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Here's one upgrade that you desktop PC and Mac users might not have thought of. Adding a bigger screen to your system – or, if the system allows, a second display – is an excellent way to improve performance without having to crack open your system.
If you work with a lot of applications at once, or your job involves having to split your attention between two or more applications/data sources, then adding a second screen means you can give the applications you use more screen real estate, making them visible all the time.
Many modern systems have two ports (or sometimes more) for displays. If not, you can add a graphics card that will support multi-monitors.
Even notebooks can support dual screens, although with some you may have to invest in an adapter.
Don't underestimate the enormous productivity boost that adding a bigger -- or second -- display will bring.
Don't feel like cracking your system open to add more storage, or perhaps you want to add a LOT of storage, then external storage is the way to go.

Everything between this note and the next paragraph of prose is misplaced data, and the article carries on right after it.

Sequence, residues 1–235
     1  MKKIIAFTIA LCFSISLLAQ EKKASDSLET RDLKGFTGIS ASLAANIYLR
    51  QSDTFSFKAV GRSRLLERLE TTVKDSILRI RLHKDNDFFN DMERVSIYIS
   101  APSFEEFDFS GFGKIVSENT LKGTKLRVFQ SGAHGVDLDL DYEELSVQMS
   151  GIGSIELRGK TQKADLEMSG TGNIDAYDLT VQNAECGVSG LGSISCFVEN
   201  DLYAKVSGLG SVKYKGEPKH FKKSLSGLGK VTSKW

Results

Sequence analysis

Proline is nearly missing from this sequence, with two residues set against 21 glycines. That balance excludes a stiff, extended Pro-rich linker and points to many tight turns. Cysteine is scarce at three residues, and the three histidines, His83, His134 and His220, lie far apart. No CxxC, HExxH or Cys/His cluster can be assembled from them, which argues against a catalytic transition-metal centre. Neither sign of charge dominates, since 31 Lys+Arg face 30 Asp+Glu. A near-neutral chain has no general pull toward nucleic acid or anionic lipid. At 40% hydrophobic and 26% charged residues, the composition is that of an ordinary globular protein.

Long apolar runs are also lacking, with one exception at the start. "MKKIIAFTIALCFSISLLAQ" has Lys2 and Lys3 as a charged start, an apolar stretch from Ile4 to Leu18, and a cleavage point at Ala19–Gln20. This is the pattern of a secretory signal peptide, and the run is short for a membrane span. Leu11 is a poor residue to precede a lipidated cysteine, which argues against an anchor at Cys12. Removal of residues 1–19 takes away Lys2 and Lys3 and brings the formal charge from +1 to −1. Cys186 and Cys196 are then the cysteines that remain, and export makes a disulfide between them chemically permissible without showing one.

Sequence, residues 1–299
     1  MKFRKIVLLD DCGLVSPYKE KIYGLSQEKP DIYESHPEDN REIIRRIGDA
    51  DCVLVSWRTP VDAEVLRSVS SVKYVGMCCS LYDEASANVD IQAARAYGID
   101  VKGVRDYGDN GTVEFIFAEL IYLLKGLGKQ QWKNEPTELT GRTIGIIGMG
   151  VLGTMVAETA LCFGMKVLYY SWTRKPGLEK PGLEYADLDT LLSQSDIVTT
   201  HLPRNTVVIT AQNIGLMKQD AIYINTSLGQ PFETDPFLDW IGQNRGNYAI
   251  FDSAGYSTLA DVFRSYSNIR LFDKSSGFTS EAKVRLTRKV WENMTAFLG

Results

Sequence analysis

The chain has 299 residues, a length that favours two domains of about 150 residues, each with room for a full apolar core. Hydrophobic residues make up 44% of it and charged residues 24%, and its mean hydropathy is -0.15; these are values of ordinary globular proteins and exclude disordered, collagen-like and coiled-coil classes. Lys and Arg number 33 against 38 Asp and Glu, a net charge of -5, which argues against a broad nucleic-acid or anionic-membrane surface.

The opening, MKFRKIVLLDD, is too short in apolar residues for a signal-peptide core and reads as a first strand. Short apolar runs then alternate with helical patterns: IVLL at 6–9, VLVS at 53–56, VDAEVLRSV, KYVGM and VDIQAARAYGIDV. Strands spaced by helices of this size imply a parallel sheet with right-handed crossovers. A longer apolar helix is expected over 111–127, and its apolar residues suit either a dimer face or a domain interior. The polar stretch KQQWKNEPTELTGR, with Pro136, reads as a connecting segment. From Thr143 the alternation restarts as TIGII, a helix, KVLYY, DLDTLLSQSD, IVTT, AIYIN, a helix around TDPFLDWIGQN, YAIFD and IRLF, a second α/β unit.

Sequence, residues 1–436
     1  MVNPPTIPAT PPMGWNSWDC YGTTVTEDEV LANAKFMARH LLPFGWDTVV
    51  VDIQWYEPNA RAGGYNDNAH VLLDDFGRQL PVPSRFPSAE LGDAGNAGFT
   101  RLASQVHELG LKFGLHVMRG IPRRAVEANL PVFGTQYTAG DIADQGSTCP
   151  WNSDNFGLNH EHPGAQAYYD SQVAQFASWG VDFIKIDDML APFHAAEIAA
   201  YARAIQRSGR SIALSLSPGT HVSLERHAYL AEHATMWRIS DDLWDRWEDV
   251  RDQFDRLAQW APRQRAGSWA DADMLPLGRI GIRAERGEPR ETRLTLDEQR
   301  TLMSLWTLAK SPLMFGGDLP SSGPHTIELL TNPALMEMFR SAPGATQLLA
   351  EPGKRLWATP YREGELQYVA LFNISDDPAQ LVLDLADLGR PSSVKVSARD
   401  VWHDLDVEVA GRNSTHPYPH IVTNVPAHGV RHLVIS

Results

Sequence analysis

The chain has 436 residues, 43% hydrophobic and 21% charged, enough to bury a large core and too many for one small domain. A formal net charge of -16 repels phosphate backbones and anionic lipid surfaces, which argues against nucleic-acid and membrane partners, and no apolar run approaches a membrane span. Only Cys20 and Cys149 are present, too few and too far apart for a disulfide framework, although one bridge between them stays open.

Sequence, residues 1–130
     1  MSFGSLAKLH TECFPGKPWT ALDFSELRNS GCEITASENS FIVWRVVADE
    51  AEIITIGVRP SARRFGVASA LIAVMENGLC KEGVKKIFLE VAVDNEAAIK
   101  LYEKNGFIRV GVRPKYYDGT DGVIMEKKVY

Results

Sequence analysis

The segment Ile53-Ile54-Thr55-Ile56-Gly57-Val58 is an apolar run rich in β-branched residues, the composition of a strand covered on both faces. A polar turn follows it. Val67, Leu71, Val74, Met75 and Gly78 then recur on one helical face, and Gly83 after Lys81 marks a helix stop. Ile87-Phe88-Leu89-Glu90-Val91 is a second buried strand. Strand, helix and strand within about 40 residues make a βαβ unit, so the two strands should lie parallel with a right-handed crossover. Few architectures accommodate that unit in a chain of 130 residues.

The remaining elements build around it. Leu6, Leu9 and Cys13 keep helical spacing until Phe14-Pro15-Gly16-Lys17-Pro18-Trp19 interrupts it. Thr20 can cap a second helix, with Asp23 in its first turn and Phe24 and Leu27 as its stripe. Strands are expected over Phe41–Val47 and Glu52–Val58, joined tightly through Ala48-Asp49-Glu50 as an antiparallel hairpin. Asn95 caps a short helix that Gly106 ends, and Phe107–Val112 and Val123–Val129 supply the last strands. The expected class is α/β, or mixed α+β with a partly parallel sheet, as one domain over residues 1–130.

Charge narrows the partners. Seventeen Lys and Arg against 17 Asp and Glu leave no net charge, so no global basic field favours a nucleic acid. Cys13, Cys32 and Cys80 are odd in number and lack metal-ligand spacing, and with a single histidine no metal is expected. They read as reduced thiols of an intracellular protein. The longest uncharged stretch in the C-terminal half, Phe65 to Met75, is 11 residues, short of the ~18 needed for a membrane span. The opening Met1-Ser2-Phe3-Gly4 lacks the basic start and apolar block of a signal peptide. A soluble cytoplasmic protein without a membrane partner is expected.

Here you have loads of options, ranging from a single one-disk external drive that connects to your system via USB (1TB should cost about $80), to something more elaborate that can offer many terabytes of storage and be accessible to a number of PCs over a network (a 16TB LaCie Quadra Big will set you back $1,600).
If your system has a Thunderbolt port then there are a number of extremely fast external storage devices that make use of this port, but expect to pay a premium for this sort of performance.
Running an old operating system? Then upgrading to a new version might give your system a spring clean and bring with it some new features for you to play with.
Upgrading Windows or Mac systems is pretty easy, and far less problematic than they once were. Macs are especially easy to upgrade because the process is essentially a one-click download from the Mac App Store.
Mac OS X upgrades are also cheap, costing only $20.
Windows upgrades cost more, but hardware support goes much further back, so there's a better chance that you can upgrade an older system to the latest version.
Anyone thinking of upgrading should check to see if his or her system can handle the upgrade before pulling the trigger on buying it. For Windows users Microsoft has an Upgrade Assistant, while Apple's offering is some simple instructions on checking your hardware.
Personally, unless the hardware is relatively new – no more than five years for a PC, and about three years for a Mac – I'd save my upgrade money and put it towards a new system, and the costs outweigh the benefits.